Three Daring Daughters

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Three Daring Daughters
ThreeDarlingDaughters.jpg
VHS cover
Directed by Fred M. Wilcox
Produced by Joe Pasternak
Written bySonya Levien
John Meehan
Based onThe Bees and the Flowers
1946 play
by Albert Mannheimer
Frederick Kohner
Starring Jeanette MacDonald
José Iturbi
Jane Powell
Music by Herbert Stothart
Lothar Perl
CinematographyRay June
Edited by Adrienne Fazan
Production
company
Release date
  • March 5, 1948 (1948-03-05)
Running time
115 minutes
CountryUnited States
LanguageEnglish
Budget$2,538,000 [1] [2] [3]
Box office$2,659,000 (Domestic earnings) [1]
$1,351,000 (Foreign earnings) [1]

Three Daring Daughters (UK title: The Birds and the Bees) is a 1948 musical Technicolor film directed by Fred M. Wilcox and released by Metro-Goldwyn-Mayer. The screenplay was written by Albert Mannheimer, Frederick Kohner, Sonya Levien and John Meehan.

Contents

Plot

It's Tess's graduation day from Miss Drake's School for Girls. During the choir's performance at the ceremony, Tess notices that her beautiful divorcée mother, Louise Rayton Morgan, isn't there. Louise, an editor for Modern Design magazine, is in Dr. Cannon's office after fainting due to being overworked and stressed.

At home after the graduation ceremony, Dr. Cannon has a talk with Louise's three daughters, Tess, Ilka and Alix. He tells them that their mother needs a vacation badly, but the only way she can relax is if she goes without the girls. Louise is reluctant, but the girls convince her to go. They see their mother off on a one-month Cuban cruise. The girls then discuss whether they could bring their father back home and make their mom happy and healthy again.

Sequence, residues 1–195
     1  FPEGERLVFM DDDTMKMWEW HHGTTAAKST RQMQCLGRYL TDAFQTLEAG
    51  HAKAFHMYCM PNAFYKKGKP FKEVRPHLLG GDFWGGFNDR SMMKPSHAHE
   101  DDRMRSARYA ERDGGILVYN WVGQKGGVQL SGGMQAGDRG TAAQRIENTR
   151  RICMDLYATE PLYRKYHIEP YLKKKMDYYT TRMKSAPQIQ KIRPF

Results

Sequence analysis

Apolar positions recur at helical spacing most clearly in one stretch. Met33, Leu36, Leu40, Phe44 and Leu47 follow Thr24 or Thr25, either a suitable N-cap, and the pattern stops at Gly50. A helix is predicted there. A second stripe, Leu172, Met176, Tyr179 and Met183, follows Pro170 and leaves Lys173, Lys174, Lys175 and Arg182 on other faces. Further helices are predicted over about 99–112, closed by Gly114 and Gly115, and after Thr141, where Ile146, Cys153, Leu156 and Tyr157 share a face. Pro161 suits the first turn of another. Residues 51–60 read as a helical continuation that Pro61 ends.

In reality, Louise has kept the truth about their father from them. He was actually a very uncaring man, who left Louise to raise the girls on her own. They go to see their father's boss, Robert Nelson, to locate their father. Meanwhile, on Louise's cruise, she meets famed pianist and conductor José Iturbi. José is immediately taken by Louise, but she plays hard to get, while having the time of her life. When Louise finally returns home, she has a secret to tell the girls.

Cast

Reception

The film earned $4,010,000 at the box office, recording a loss of $136,000. [2] [4]

Notes

  1. 1 2 3 Turk, Edward Baron "Hollywood Diva: A Biography of Jeanette MacDonald" (University of California Press, 1998)
  2. 1 2 The Eddie Mannix Ledger, Los Angeles: Margaret Herrick Library, Center for Motion Picture Study.
  3. Another source puts the cost at $2 million Variety February 1948
  4. "Top Grossers of 1948", Variety 5 January 1949 p 46


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